South Africa's new health minister broke dramatically on Monday from a decade of discredited government policies on AIDS, declaring that the disease was unquestionably caused by HIV and must be treated with conventional medicine.
Health Minister Barbara Hogan's pronouncement marked the official end to 10 years of denial about the link between HIV and AIDS by former president Thabo Mbeki and his health minister Manto Tshabalala-Msimang.
The AIDS epidemic kills nearly 1,000 South Africans a day.
Activists also accused Tshabalala-Msimang of spreading confusion about AIDS by saying she did not trust antiretroviral medicines and preferred nutritional remedies such as garlic, beetroot, lemon, olive oil and the African potato.
"We know that HIV causes AIDS," Hogan told delegates at an AIDS conference in Cape Town.
Monday's speech was her highest-profile public appearance since she became health minister two weeks ago, after Mbeki's party turfed him.
"I want to emphasize that we will scale up mother-to-child prevention programs," she said, referring to treatments using anti-retroviral medicine to keep HIV-positive pregnant woman from passing on the disease.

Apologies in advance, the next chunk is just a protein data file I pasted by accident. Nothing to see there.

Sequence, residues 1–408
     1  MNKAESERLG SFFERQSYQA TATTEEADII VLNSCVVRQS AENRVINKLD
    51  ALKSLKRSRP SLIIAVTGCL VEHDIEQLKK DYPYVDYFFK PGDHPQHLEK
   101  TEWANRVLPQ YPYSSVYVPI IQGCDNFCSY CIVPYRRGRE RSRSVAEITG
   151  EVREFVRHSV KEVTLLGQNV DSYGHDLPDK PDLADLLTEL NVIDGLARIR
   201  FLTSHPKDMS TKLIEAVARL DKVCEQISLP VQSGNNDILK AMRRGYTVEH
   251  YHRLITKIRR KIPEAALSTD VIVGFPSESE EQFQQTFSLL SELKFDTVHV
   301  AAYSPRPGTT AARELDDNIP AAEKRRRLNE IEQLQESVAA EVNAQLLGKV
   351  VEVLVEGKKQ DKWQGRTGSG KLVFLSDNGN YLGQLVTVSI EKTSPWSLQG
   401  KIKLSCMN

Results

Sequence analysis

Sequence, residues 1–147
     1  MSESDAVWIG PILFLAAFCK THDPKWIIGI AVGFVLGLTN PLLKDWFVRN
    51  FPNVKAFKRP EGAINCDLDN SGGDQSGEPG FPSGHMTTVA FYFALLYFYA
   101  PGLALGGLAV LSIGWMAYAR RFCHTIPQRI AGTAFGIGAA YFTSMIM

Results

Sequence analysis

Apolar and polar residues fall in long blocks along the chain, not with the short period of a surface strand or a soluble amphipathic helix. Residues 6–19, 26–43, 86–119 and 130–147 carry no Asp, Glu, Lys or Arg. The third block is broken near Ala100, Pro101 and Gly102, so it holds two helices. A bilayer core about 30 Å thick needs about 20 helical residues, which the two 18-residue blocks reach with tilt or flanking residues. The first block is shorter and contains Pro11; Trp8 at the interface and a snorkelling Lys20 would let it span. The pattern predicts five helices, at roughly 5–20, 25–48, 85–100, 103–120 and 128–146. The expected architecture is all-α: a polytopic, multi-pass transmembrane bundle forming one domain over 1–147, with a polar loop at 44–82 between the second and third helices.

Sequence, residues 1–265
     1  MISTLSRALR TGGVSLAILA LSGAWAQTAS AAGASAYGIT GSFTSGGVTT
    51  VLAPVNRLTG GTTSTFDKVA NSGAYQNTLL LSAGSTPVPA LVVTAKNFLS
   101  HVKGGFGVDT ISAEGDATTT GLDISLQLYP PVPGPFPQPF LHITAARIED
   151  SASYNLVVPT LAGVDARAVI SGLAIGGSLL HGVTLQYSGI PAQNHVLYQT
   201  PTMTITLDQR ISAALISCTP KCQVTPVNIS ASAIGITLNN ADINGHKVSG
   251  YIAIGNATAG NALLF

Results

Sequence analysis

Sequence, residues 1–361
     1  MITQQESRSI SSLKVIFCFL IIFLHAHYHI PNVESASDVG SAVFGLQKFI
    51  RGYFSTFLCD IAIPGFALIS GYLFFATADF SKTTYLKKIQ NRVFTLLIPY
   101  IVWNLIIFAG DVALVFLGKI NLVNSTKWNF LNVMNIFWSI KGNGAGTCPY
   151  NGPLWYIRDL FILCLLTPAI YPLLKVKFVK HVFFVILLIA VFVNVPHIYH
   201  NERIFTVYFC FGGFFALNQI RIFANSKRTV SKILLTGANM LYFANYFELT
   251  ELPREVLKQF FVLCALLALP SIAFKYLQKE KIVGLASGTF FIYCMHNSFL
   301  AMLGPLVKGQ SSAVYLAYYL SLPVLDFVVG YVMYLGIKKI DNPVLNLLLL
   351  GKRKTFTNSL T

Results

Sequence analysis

Hogan said government policies over the past 10 years failed, and she said South Africa needed to do much more to improve access to anti-AIDS medicines. She vowed to step up the battle against AIDS, which now accounts for half of all public hospital admissions.
She was applauded and praised at the opening ceremony of an international AIDS vaccine conference by international scientists and public health officials who were frequently spurned by the country's former health minister.
"A breath of fresh air," said Alan Bernstein, executive director of the Global HIV Vaccine Enterprise.
South Africa now has the world's highest number of people with HIV, counting 5.4 million people as infected with the virus that causes AIDS, activists say. About 550,000 people are receiving AIDS medicines.
Malegapuru Makgoba, vice-chancellor and principal of the University of KwaZulu-Natal, said that for the first time in years, South African academics are free to "state that HIV causes AIDS without getting threats."
"It is a liberating experience," Makgoba said at the conference, winning applause.
Looking for vaccine
Hogan told the conference that countries such as South Africa — where life expectancy has fallen to 52 years — desperately need scientists to come up with a vaccine against HIV.
"I'm told that it could take anything from 15 years to a century to get an effective vaccine and that it's at least 25 years since the scientific community started looking for an HIV vaccine," Hogan told 900 scientists from around the world at the start of a four-day meeting.
"I challenge you to look harder and faster."
More than 6,500 new HIV infections occur daily worldwide, and about 1,000 of these are in South Africa.